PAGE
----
Only twice this season have the Toronto Marlies managed to string two or more consecutive wins together.
They never looked likely to follow up on Thursday’s victory in this game. It was a turgid performance back on home ice with no fans in the stands and little energy on the ice.
Over 14 minutes passed before Toronto recorded their first shot of the game. It took a four-minute power play for the Marlies to finally test Kevin Mandolese.
Joey Anderson should have opened the scoring on an excellent backdoor feed from Alex Steeves, but he somehow missed what was essentially an empty net.
Erik Källgren kept Toronto in the game with nine saves in the opening period, including a pair of excellent stops on Parker Kelly.
Källgren came up huge inside the opening three minutes of the middle frame — frustrating Belleville’s Jake Lucchini and Rourke Chartier — but he was finally beaten with 5:42 on the clock. The Swedish goaltender couldn’t hold onto a shot from Maxence Guenette through traffic before Roby Jarventie found the net with a top-shelf backhand finish on the rebound.
The Senators should have doubled their advantage at the midway mark, but Källgren came up with a flying save to deny Mark Kastelic on one of many odd-man rushes for Belleville.
Toronto mustered just four shots through the first half of the second period, all from the perimeter. It took 30 minutes for Greg Moore to juggle the lines, which felt overdue considering how badly his team was struggling to create anything at 5v5.
The Marlies created only two scoring chances of note, both during special-teams play. The first was a shorthanded opportunity for Joey Anderson; Seney was the architect of a 2-on-1 break, but Anderson didn’t elevate his shot and Mandolese slid to his left to make the pad save.
Toronto’s struggling power play came close to connecting inside the final five minutes when Mikhail Abramov delivered a delightful feed into the slot for Bobby McMann. Usually a clinical finisher from those kinds of positions, McMann buried his shot into the crest of Mandolese for a comfortable save.
The Senators would have carried a 2-0 lead into the break if not for another outstanding stop by Källgren. Cedric Pare appeared odds-on to score after Belleville orchestrated a 3-on-2 break during a power play and tore Toronto apart with a tic-tac-toe passing move.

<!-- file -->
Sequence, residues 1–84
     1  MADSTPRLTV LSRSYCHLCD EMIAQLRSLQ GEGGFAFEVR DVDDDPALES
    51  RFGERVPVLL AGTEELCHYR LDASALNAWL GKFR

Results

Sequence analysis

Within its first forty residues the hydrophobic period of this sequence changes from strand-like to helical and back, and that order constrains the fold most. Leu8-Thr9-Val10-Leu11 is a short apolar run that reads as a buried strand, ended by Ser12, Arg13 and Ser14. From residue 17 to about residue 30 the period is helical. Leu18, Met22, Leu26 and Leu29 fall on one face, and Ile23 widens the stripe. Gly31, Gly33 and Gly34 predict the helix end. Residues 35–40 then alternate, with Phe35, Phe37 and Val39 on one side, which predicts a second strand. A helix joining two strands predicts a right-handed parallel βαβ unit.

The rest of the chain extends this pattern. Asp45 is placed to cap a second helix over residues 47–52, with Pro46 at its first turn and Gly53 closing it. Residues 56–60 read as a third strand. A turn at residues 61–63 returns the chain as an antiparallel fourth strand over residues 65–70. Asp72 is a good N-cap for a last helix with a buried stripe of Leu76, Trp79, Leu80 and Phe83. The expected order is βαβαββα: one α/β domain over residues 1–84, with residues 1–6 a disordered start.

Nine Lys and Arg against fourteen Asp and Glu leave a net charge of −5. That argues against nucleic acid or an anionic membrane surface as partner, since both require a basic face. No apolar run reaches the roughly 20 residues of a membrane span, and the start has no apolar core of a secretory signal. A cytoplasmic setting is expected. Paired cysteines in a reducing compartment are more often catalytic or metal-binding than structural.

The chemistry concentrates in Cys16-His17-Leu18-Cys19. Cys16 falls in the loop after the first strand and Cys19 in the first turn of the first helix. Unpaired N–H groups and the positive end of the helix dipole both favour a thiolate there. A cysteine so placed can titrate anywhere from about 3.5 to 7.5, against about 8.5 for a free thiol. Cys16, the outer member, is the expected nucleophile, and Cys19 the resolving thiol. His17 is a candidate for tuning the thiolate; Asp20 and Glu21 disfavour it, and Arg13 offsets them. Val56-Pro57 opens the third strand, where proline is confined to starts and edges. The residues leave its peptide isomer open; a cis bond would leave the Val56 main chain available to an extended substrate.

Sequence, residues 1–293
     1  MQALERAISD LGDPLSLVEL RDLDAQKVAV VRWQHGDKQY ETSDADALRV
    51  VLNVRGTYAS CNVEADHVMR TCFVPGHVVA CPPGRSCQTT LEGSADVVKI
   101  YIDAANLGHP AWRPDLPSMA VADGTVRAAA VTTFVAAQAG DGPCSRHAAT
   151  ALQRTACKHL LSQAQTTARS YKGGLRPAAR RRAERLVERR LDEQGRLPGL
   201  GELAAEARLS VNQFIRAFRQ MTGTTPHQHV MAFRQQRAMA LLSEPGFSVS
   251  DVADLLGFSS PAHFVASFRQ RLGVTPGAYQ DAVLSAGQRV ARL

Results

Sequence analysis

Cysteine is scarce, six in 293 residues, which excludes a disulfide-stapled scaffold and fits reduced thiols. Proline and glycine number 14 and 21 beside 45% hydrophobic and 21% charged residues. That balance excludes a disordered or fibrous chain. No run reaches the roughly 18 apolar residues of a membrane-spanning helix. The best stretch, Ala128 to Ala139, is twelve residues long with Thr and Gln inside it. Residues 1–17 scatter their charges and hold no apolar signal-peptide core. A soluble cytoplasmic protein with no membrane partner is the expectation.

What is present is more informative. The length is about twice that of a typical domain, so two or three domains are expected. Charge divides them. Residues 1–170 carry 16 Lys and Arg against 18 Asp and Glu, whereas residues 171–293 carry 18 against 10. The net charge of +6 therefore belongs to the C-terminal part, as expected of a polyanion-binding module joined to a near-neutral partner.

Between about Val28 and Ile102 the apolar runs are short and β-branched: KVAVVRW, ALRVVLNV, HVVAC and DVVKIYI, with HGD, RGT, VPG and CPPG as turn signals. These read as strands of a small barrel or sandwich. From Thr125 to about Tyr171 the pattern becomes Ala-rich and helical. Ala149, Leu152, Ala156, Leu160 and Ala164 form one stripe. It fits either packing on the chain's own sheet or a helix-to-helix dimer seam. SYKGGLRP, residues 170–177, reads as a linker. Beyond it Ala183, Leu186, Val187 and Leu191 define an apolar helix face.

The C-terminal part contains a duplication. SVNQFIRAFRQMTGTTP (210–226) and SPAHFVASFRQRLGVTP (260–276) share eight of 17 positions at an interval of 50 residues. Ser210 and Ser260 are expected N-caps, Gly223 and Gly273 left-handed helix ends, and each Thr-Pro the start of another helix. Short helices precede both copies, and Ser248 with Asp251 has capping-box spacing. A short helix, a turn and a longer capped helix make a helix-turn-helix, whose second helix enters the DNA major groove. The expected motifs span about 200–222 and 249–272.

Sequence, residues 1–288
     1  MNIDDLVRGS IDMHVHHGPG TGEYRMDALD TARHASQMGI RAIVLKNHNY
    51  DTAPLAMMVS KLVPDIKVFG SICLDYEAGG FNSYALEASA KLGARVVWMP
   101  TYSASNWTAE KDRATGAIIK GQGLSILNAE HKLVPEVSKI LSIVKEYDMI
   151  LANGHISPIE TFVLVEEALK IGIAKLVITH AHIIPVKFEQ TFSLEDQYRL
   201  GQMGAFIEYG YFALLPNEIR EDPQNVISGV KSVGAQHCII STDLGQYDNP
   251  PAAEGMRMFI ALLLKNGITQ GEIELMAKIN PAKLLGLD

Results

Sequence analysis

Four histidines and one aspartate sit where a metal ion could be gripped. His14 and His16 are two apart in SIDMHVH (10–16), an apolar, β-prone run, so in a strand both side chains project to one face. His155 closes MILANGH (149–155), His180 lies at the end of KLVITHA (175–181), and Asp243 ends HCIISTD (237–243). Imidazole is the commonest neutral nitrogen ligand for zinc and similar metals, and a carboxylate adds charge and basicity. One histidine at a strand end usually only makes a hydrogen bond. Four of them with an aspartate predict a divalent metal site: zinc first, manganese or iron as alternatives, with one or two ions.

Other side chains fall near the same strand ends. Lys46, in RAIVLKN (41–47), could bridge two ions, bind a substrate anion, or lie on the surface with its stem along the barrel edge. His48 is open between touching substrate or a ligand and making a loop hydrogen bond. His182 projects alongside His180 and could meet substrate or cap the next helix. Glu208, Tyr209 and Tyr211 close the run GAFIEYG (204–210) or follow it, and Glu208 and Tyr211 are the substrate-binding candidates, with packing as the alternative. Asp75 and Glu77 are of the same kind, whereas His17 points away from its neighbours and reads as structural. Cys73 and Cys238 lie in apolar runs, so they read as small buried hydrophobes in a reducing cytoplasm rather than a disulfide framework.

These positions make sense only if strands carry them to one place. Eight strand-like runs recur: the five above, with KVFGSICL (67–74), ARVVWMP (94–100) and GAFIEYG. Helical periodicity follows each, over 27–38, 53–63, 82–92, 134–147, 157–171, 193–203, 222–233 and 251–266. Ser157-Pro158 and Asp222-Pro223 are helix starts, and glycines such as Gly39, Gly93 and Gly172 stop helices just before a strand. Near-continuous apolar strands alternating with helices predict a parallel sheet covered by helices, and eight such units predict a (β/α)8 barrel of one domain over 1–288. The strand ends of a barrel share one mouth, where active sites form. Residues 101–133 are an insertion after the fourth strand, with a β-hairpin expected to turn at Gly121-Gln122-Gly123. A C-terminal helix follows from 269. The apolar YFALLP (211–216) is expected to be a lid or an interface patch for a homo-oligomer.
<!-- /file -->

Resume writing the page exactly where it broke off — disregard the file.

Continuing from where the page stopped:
The Marlies recorded just 14 shots on goal heading into the second intermission.
The Marlies were an improved team and a great deal more competitive in the final frame. Granted, it wasn’t a high bar to clear after the first 40 minutes.
Curtis Douglas exited the penalty box five seconds into the final frame and should have scored moments later. He caught an errant floated pass, settled the puck down for himself in the slot, and wired his effort wide of the target.
A power play for Toronto then provided action at both ends. The Marlies gave up another odd-man rush, with Källgren performing more heroics to deny Chartier twice.
The Marlies rewarded their Swedish teammate with a tying goal on the man advantage. A rising shot from Filip Král was redirected down by Abramov, whose deft touch was enough to confound Mandolese between the pipes.
Kyle Clifford’s decent chance to give Toronto the advantage at the eight-minute mark was turned aside by Mandolese before Belleville retook the lead at the midway mark. An innocent-looking shot toward goal from below the right goal line from Chartier somehow snuck through the equipment of Källgren.
The goaltender was visibly upset with himself after an uncharacteristic error, but Toronto still had 10 minutes to find a tying goal. In truth, the Marlies never really looked likely to claw back again and were lucky not to fall further behind.
Cole Reinhardt’s golden opportunity to seal the victory on a breakaway with five minutes remaining was turned aside by a recomposed Källgren, who bounced right back and kept his team within reach.
Toronto’s best chance to tie the game fell to Douglas 60 seconds later when a giveaway presented him with the puck alone in the slot, but the towering forward again failed to hit the target.
After Källgren was pulled from the net inside the final two minutes for an extra attacker, curiously, Douglas was the extra skater sent out to help find the tying goal. The Marlies failed to muster one shot on target with six skaters on the ice, slipping to a 2-1 defeat.
Post Game Notes
– The Marlies’ lone tally was just the second goal of the season for Mikhail Abramov. Greg Moore pointed out an interesting stat in the post-game presser about Abramov: “In terms of the guys that hadn’t scored yet in this league, he has some of the highest expected goals for, so he’s been a bit unlucky at times.”
– The insistence on deploying Curtis Douglas as a top-six forward is becoming silly at this point. There’s little chemistry with his regular line-mate Josh Ho-Sang, who thinks the game and skates on another level to Douglas. This is not a dig at Douglas, who is being misused in a role that doesn’t suit his skill set.
– I suspect many will blame Erik Källgren for this loss, but I am loath to blame a goaltender who has been superb for the majority of this season. Källgren’s .923 save percentage is good for ninth in the league and his play has been a major reason why the Marlies still own a winning record this season.
“He was great,” said Moore. “He has bailed us out in a lot of situations in this one contest, let alone in past games. He should feel good about the work he has put in and not worry about that.”
– Brennan Kapcheck and Zach O’Brien have been reassigned to Newfoundland. Chad Krys rejoined the Marlies from the taxi squad.
– Saturday’s lines:
Seney – Suomela – Anderson
McMann – Douglas – Ho-Sang
Clifford – Der-Arguchintsev – Steeves
Kopacka – Abramov – Gogolev
Král – Dahlström
Krys – Rubins
Hellickson – Hollowell